Technology becomes ever more advanced with each passing year – well, more like each passing day, really – so there is a constant temptation and drive to always get “on the programme” with the most cutting-edge gadgets and systems. Email is still relevant and you shouldn’t discard it in the pull of all that new stuff.
Sometimes, however, it’s the more well-established and “old-fashioned” systems that might still have a competitive advantage over the more sophisticated alternatives, in a variety of ways. The classic marketing and recruitment email, for example, is still going strong despite the fact that the medium of email has been around for just about as long as the Internet, and is hypothetically superseded by all sorts of other messaging apps, and professional social media platforms.
In fact, the ROI from email marketing shows why email is still relevant today, despite heavy competition from the plethora of emails the average user receives every day.
While LinkedIn or Twitter may have their benefits, and while is useful to always be able to phone up prospective clients or prospects via your Skype number, good old-fashioned email is still in the game, and can still do a lot of things better than the young buck new contenders.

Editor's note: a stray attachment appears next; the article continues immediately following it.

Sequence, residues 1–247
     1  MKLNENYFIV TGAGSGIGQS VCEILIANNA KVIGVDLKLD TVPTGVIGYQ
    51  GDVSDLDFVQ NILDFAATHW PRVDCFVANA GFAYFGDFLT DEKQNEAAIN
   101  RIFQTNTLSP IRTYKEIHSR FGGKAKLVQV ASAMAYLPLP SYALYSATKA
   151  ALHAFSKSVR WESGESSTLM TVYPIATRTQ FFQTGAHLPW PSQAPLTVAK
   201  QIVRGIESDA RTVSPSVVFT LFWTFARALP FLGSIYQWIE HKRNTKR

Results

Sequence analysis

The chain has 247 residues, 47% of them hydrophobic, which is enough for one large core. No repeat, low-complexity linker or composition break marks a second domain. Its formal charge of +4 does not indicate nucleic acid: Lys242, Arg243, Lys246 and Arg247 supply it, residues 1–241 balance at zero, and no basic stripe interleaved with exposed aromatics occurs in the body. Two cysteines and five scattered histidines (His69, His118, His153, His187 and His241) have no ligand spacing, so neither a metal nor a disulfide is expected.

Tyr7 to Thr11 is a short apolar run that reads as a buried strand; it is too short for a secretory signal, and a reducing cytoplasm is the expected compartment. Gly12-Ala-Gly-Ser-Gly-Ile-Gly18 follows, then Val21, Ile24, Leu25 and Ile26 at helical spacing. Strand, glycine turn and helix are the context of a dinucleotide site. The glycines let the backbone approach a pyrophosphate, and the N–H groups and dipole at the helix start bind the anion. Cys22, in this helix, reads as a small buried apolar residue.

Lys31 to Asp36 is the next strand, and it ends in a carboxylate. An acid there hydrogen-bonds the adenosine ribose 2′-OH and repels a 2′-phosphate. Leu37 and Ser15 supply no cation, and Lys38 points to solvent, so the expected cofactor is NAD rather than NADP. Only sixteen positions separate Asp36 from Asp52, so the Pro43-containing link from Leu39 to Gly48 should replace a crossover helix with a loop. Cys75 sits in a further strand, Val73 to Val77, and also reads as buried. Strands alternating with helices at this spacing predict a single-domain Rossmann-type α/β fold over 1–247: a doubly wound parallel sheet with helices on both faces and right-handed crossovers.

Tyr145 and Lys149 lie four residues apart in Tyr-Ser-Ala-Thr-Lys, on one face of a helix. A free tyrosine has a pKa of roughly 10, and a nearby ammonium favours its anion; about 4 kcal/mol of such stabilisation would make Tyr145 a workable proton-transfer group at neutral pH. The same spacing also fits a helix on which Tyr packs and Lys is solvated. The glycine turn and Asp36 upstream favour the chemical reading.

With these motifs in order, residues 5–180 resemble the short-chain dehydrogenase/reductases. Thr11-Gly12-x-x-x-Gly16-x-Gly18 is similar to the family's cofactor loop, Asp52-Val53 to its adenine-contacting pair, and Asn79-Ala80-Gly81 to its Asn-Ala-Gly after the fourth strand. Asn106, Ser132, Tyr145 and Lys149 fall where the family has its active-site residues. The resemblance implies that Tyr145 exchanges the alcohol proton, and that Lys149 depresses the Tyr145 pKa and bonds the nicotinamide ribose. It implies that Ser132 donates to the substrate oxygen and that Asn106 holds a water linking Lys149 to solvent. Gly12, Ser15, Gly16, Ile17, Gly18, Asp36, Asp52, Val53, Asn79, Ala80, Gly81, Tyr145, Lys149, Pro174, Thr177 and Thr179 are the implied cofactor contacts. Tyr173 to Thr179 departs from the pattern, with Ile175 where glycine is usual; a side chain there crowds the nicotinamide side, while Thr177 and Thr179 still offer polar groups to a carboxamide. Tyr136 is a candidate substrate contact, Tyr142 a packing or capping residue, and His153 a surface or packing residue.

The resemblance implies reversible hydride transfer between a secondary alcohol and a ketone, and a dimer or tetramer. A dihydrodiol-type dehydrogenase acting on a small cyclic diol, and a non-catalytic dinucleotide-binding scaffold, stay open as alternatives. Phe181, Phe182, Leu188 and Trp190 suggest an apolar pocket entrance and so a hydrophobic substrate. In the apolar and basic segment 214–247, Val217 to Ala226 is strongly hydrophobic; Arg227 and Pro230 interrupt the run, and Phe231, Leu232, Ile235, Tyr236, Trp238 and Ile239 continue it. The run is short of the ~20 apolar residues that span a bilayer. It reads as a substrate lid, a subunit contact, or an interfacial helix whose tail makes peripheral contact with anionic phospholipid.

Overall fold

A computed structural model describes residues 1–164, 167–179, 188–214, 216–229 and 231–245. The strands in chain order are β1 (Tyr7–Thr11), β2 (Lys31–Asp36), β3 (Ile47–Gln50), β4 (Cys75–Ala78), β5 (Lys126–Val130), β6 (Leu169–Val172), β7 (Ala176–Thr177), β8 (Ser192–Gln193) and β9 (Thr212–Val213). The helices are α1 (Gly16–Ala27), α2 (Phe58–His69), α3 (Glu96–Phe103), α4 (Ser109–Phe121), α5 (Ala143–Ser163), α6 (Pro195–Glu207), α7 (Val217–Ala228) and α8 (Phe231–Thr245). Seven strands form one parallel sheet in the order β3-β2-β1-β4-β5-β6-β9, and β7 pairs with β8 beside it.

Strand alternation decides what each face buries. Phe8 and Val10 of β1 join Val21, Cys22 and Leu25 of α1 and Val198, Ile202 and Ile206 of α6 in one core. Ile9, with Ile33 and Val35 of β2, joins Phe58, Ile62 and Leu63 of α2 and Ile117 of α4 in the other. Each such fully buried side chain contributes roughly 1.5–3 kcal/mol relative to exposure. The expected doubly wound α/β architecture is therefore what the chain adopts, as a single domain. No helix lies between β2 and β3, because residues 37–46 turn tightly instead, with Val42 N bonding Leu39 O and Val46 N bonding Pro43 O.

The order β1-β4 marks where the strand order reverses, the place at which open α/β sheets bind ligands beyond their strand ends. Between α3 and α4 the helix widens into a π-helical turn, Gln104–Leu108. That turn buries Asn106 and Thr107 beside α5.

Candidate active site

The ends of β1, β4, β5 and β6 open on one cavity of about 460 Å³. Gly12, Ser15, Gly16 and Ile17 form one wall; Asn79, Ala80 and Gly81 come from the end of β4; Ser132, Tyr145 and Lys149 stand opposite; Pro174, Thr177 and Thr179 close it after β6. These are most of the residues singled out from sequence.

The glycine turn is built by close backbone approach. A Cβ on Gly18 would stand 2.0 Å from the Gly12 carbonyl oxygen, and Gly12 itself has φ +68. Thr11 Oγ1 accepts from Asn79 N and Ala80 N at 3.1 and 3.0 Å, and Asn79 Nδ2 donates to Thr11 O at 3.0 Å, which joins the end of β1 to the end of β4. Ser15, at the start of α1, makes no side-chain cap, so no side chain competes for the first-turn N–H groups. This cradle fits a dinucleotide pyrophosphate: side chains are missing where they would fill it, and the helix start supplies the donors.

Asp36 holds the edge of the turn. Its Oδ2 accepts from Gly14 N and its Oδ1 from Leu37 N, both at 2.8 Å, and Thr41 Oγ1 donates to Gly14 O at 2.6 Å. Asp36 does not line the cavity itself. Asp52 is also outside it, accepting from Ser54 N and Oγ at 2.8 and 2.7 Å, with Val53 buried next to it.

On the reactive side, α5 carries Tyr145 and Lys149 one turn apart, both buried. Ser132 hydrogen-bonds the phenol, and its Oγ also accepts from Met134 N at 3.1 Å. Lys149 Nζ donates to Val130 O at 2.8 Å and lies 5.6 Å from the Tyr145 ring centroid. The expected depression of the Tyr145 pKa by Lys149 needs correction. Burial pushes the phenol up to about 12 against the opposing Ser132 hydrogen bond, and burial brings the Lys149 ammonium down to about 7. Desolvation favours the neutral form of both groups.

Here are a few reasons why email is still relevant in marketing and recruiting.
Email is a well-established medium that signals formality and professionalism
Email is still relevant in a world where respondents see social media as too casual and cold calling, too aggressive. Supporting this, surveys soliciting users’ reactions to being contacted through different platforms reveals that messaging through social media risks seeming a bit too casual and presumptuous, while spontaneously phoning someone up can seem overly aggressive and full-on, and is as likely to make the person you’re contacting feel flustered as anything else.
Email is a well-established medium. It’s been around for a long time, and we all understand the basic rules of etiquette surrounding it. Email is ubiquitous in business, and contacting someone in a business context via email is naturally understood as an appropriate marketing tactics, effective and low-cost.
In other words, email is a medium which, in the right context, signals formality and professionalism as opposed to sending mixed signals, or being “up in the air” with its implications.
Of course, you still have to phrase your email appropriately, and make sure that the person you’re contacting has at least a reasonable probability of being receptive to what you’re sending them, but the path is a lot smoother and clearer when sending an email than with just about any other form of communication.
Everyone (more or less) is on it
There are all sorts of really popular social media services, messaging apps, and all the rest, on the market today. The thing is, no matter how popular they are, there is simply no service out there that is as ubiquitous as email. Not by a long shot.
LinkedIn or Twitter may boast a pretty extraordinary number of active users, but everyone – with very, very few exceptions – has an email account, for work, if for nothing else, that they will typically check their inbox on a regular basis.